A few neurologists and brain scientists are proposing that the secret underlying all conscious activity must lie with the way cells respond to stimuli they receive from their environment. In a response to this suggestion, Christof Koch asserts that much more is required for a full theory of consciousness
Humans have been chasing immortality for millennia. In some cultures, you attain a kind of immortality by doing great deeds, which people will talk about long after you pass away. Several religions feature some concept of immortality -- the body may die but some part of you will exist forever. But what if science made it possible to be truly immortal? What if there were a way for you to live forever?
That's the basic concept behind digital immortality. Some futurists, perhaps most notably inventor Ray Kurzweil, believe that we will uncover a way to extend the human lifespan indefinitely. They've identified several potential paths that could lead to this destination. Perhaps we'll identify the genes that govern aging and tweak them so that our bodies stop aging once they reach maturity. Maybe we'll create new techniques for creating artificial organs that combine organic matter with technology and then replace our original parts with the new and improved versions. Or maybe we'll just dump our memories, thoughts, feelings and everything else that makes us who we are into a computer and live in cyberspace.
Speaking at the 2015 TED conference in Vancouver, Canada, MIT professor Neri Oxman has displayed what is claimed to be the world’s first 3D-printed photosynthetic wearable prototype embedded with living matter. Dubbed "Mushtari," the wearable is constructed from 58 meters (190 ft) of 3D-printed tubes coiled into a mass that emulates the construction of the human gastrointestinal tract. Filled with living bacteria designed to fluoresce and produce sugars or bio-fuel when exposed to light, Mushtari is a vision of a possible future where symbiotic human/microorganism relationships may help us explore other worlds in space.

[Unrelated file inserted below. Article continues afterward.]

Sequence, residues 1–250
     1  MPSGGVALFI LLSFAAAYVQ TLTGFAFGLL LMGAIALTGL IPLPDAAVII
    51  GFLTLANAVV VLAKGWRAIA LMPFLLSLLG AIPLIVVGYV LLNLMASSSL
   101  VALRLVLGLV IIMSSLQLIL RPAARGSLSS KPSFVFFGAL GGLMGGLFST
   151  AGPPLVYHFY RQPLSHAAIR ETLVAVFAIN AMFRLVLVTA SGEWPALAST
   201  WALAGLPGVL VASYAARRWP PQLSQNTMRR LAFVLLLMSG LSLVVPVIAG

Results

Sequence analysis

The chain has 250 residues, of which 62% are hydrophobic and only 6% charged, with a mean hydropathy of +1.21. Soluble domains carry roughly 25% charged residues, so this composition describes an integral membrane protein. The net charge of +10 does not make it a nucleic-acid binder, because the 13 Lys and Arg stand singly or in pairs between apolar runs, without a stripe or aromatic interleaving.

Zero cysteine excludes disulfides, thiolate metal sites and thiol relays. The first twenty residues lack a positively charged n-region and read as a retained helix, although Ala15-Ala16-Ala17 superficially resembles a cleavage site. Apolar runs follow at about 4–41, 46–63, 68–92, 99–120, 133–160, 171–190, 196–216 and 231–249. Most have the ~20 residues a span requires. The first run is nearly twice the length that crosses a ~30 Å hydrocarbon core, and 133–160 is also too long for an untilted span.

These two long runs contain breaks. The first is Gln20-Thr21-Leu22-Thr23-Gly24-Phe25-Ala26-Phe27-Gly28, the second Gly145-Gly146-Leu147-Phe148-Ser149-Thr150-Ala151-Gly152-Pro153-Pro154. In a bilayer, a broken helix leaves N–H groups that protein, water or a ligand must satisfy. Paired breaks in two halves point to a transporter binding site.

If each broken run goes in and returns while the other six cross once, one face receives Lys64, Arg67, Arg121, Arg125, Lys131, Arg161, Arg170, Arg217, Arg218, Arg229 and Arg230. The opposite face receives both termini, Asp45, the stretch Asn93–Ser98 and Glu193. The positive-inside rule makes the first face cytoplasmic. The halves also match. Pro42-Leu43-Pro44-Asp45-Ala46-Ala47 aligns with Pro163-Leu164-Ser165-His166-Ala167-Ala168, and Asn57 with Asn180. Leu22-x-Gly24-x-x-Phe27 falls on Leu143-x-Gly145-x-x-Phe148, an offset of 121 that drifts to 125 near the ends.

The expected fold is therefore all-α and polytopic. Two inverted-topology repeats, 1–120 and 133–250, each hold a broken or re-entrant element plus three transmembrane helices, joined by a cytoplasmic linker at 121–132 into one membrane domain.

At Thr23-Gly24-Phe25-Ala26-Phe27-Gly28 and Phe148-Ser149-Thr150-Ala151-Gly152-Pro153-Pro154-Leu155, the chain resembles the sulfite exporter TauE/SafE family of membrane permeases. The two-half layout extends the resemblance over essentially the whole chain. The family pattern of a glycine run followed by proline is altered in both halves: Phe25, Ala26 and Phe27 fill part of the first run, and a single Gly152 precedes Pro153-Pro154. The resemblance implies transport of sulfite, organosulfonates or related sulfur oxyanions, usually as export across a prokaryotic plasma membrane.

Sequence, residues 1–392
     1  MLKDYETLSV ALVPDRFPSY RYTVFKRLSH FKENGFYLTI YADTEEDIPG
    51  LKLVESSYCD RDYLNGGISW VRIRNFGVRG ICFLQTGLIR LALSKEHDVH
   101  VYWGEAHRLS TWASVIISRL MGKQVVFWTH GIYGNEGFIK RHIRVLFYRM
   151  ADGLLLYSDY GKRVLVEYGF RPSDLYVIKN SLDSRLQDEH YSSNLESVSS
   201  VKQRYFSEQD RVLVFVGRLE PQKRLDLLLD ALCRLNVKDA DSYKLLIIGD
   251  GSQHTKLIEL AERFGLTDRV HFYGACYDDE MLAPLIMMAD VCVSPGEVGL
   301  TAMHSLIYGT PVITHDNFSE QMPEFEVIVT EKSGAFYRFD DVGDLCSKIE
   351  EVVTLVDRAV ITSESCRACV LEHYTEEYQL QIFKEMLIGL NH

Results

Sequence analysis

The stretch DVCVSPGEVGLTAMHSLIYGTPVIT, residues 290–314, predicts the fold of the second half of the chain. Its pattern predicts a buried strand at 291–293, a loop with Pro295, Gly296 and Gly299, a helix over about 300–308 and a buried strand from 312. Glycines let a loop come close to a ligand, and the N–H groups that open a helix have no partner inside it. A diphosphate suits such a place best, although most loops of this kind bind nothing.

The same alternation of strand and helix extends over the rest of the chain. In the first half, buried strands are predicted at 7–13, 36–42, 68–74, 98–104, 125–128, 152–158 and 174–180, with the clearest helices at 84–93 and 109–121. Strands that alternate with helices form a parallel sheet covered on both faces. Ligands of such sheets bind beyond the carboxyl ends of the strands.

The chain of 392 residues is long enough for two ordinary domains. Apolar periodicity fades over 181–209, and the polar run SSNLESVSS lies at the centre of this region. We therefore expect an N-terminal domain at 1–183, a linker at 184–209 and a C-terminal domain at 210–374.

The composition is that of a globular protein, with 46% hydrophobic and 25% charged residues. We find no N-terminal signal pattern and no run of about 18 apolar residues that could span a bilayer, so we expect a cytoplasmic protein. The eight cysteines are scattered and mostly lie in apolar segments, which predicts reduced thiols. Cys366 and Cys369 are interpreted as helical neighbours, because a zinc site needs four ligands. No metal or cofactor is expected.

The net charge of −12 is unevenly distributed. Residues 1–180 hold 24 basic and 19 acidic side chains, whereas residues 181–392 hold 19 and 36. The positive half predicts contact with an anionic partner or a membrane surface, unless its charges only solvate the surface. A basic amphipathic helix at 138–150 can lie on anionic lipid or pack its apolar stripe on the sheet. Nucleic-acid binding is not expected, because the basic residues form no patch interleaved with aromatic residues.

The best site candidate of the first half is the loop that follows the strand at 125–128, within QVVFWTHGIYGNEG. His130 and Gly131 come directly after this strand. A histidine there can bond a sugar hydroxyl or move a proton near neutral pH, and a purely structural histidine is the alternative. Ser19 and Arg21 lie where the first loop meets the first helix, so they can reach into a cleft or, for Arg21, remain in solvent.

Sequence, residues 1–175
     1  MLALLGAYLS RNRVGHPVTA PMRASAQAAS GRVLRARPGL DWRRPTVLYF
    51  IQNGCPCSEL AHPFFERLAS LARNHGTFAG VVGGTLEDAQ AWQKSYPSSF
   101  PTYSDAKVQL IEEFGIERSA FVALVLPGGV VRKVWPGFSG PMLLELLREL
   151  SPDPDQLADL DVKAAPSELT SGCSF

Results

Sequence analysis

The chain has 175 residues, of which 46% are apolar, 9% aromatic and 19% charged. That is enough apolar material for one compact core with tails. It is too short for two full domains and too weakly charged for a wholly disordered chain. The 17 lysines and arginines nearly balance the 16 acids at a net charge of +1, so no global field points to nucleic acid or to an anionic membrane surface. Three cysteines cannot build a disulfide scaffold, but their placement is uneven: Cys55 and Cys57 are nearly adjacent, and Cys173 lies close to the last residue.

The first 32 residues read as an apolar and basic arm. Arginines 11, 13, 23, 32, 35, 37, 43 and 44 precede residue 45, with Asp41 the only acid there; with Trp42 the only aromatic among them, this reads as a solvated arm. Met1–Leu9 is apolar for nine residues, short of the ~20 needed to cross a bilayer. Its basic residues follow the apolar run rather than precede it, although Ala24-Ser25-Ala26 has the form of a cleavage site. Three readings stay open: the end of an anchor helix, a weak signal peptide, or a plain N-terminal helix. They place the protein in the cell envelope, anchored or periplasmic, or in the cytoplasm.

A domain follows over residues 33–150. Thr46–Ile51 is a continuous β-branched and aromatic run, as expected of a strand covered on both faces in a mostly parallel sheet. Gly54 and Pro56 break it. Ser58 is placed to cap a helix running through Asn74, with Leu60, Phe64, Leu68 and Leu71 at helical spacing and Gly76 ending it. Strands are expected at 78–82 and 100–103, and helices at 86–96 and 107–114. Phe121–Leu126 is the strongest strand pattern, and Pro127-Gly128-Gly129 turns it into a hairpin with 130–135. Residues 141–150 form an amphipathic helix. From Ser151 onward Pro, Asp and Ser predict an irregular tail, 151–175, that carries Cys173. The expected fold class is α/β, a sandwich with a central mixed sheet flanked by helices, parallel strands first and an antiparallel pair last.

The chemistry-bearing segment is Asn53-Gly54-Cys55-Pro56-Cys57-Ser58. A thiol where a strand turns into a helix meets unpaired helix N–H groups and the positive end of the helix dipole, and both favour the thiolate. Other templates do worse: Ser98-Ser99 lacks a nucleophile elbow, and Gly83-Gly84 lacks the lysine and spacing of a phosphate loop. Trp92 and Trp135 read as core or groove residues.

THE development of full artificial intelligence could spell the end of the human race,” Stephen Hawking warns. Elon Musk fears that the development of artificial intelligence, or AI, may be the biggest existential threat humanity faces. Bill Gates urges people to beware of it.
Dread that the abominations people create will become their masters, or their executioners, is hardly new. But voiced by a renowned cosmologist, a Silicon Valley entrepreneur and the founder of Microsoft—hardly Luddites—and set against the vast investment in AI by big firms like Google and Microsoft, such fears have taken on new weight. With supercomputers in every pocket and robots looking down on every battlefield, just dismissing them as science fiction seems like self-deception. The question is how to worry wisely.
You taught me language and...
The first step is to understand what computers can now do and what they are likely to be able to do in the future. Thanks to the rise in processing power and the growing abundance of digitally available data, AI is enjoying a boom in its capabilities (see article). Today’s “deep learning” systems, by mimicking the layers of neurons in a human brain and crunching vast amounts of data, can teach themselves to perform some tasks, from pattern recognition to translation, almost as well as humans can. As a result, things that once called for a mind—from interpreting pictures to playing the video game “Frogger”—are now within the scope of computer programs. DeepFace, an algorithm unveiled by Facebook in 2014, can recognise individual human faces in images 97% of the time.
After weeks of speculation, it can finally be confirmed that geneticists in China have modified the DNA of human embryos. It’s a watershed moment in biotech history, but the experiment may ultimately serve as a major setback in the effort to responsibly develop beneficial interventions involving the human germline.